W3C home > Mailing lists > Public > public-html@w3.org > December 2009

Re: Renamed topic: focus and length of HTML5

From: Julian Reschke <julian.reschke@gmx.de>
Date: Sun, 06 Dec 2009 11:00:27 +0100
Message-ID: <4B1B80BB.2060808@gmx.de>
To: Ian Hickson <ian@hixie.ch>
CC: Shelley Powers <shelley.just@gmail.com>, public-html <public-html@w3.org>
Ian Hickson wrote:
>>> I'm not sure to what you are referring here. I would have thought the 
>>> milestone of "zero open issues" was a pretty uncontroversial milestone 
>>> definition -- it's the same one we're using in this working group, no?
>> I simply don't think "no open WHATWG issues" is a significant milestone, 
>> when we have several other bug trackers containing open issues.
> Do you think the W3C HTML WG should hold up progress if the WHATWG claimed 
> to have unresolved issues, even if those same issues had been resolved in 
> the W3C HTML WG?

Where's the WHAT WG issue tracker, and the process related to it? 
Pointer please. (Yes, I'm aware of the mailing list, but I don't 
consider that a proper issue tracking process)

>>> That the specs exist is not a point in support of modularisation or a 
>>> point against it. In fact there is also a spec that exists that has 
>>> many of those specs in one document. By your logic that would support 
>>> the point that modularity is bad, which is a contradiction (since both 
>>> exist).
>> The existence of a document that combines the contents from a set of 
>> smaller documents doesn't prove anything.
> I agree. That's my point. The existence of a set of documents that split 
> the contents from a bigger document doesn't prove anything either, counter 
> to your claim above (where you said "this seems to support the point that 
> modularity is good").

It proves that it's possible to do, and that the benefits are as 
advertised; for instance, that the LC process for XHR can be separate 
from HTML5.

>>> I wasn't implying that I would edit them. From the point of view of 
>>> editing _any_ specification, having more smaller specifications that 
>>> interact with it would make the editing take longer. For instance, it 
>>> is easier for me to write specifications that interact with CSS2.1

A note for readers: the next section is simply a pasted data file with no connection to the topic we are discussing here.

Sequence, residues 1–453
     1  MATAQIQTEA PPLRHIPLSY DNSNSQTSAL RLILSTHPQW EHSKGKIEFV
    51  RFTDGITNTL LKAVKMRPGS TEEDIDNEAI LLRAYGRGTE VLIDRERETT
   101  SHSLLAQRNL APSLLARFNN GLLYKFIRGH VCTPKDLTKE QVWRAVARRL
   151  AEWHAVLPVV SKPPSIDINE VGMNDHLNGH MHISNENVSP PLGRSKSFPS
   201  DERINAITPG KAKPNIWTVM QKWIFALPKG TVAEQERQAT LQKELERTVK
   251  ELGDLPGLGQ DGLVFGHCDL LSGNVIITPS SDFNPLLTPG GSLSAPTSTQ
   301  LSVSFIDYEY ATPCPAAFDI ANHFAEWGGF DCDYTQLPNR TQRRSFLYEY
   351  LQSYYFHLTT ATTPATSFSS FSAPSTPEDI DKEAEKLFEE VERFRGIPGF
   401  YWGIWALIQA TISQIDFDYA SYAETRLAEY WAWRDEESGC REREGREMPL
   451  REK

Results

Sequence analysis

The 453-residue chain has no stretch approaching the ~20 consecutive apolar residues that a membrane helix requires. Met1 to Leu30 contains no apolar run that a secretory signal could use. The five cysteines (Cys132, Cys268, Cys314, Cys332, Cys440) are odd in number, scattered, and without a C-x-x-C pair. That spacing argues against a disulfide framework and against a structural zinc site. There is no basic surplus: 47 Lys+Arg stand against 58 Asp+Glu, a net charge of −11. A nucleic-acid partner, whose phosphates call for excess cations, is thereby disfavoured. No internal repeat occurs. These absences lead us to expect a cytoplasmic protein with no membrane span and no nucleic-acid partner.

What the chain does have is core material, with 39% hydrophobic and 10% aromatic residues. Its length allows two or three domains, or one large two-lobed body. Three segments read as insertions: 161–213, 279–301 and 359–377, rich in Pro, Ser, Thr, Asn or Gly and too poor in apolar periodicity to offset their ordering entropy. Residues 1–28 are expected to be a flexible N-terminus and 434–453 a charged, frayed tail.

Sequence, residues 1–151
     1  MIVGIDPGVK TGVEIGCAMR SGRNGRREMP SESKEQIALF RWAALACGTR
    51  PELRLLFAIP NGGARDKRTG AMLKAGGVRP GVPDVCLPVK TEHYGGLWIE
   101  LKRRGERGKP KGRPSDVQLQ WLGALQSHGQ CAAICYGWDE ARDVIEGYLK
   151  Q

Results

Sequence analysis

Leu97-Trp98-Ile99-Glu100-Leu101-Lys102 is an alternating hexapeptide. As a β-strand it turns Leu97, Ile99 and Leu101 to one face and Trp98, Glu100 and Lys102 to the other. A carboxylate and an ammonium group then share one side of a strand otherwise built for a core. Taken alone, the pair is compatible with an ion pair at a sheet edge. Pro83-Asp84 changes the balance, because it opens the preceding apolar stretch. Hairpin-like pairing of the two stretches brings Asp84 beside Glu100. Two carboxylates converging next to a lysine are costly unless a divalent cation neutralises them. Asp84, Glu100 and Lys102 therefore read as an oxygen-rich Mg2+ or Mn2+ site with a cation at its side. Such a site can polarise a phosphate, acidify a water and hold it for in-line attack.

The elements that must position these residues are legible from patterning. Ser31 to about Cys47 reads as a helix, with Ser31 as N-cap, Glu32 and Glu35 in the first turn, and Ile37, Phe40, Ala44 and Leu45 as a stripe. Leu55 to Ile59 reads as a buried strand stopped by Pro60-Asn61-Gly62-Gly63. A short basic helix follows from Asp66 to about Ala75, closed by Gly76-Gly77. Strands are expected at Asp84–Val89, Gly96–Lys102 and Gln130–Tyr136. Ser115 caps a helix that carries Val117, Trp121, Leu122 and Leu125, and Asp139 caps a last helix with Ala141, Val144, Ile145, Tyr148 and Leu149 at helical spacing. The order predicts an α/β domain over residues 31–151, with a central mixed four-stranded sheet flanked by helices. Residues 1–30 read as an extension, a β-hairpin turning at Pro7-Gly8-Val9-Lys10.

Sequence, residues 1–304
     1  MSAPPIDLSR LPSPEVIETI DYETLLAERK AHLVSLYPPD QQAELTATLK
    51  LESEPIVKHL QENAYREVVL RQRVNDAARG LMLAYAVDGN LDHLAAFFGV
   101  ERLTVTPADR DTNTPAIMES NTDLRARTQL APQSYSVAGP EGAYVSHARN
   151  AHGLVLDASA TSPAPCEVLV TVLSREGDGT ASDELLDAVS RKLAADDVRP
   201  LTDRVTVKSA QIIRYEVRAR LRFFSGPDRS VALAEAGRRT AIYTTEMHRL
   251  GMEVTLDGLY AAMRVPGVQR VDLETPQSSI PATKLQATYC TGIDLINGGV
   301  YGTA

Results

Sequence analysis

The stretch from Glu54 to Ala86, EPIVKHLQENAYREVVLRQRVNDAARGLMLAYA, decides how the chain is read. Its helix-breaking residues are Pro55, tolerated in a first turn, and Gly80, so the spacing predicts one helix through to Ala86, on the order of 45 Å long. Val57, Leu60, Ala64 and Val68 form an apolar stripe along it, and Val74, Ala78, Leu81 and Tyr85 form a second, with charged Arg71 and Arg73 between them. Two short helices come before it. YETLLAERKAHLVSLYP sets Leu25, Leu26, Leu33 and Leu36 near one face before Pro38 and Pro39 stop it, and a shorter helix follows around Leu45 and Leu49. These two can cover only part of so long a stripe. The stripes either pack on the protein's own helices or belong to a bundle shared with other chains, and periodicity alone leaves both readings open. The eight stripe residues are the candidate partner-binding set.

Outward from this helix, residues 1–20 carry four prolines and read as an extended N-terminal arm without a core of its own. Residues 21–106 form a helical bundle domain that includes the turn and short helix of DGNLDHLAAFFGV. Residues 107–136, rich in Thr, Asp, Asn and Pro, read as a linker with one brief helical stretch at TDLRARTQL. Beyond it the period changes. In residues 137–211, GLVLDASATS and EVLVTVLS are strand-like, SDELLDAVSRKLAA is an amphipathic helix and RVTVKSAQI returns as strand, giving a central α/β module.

>>> than CSS3 modules.
>> And that's why? In addition to the fact that you need a longer table of 
>> document references?
> I'm not sure why. I'm just reporting my experience here. My experience 
> seems relevant if I'm to edit some of the specs in question; at least as 
> relevant as Shelley's opinion and your opinion on the matter.

Well, I'd like to understand the *reason*; maybe the problem is related 
to tooling and could be fixed.

>> If we didn't have consensus for <section>, then yes, the best thing 
>> would be to remove it and develop a spec separately.
> If we didn't have consensus for <section>, then we shouldn't have it at 
> all. Similarly with microdata -- if the working group doesn't think we 
> should be working on it, then we shouldn't be working on it -- which 
> document something is in has nothing to do with whether we agree with it 
> or not.

Yes, it does. Because we are currently approaching LC for the document 
called "HTML5", so we need to find consensus on its content right now.

>> <img> is in wide use and uncontroversial, so I don't see the connection.
> Microdata is significantly less controversial today than <img> was when it 
> was introduced.

Introduced into the spec, or implemented by UAs?

(That being said I'm not sure how this is relevant).

>> microdata has no significant deployment
> It's only just reached LC at the WHATWG, and isn't even in LC at the W3C, 
> surely it wouldn't be appropriate per W3C process for it to have any 
> deployment at all.

Ahem? So what about the current deployment of <canvas> or <video>? Do 
you consider those inappropriate as well? Please elaborate.

>> is controversial
> That doesn't seem particularly relevant. Lots of things are controversial, 
> that doesn't mean we shouldn't address their use cases.

The discussion is about "how", not "whether".

>> and competes with another W3C technology, so the situation simply is 
>> different.
> Technologies competing is not a problem.

They are if they are the work product of the same WG, and the WG doesn't 
treat them the same way.

>>> (Other factors would; e.g. whether or not implementations exist.)
>> So a much less controversial way to do this would be to develop a 
>> feature like this as a separate spec, and then *potentially* consider 
>> integration once it has succeeded in practice.
> That line of reasoning would have us split the HTML5 spec into dozens or 
> maybe even hundreds of subspecs. I don't think that's a sensible approach 
> to spec development.

So far I see requests for a few splits, not hundreds.

>> The only reason why Microdata is in the spec right now is because you 
>> made that choice, and had the editorial power to do so.
> We're not arguing about whether the spec is in the spec now, but whether 
> it _should_ be in the spec now. If it wasn't in the spec now, we'd still 
> be having this argument.

No, we wouldn't.

 > ...

Best regards, Julian
Received on Sunday, 6 December 2009 10:01:07 UTC

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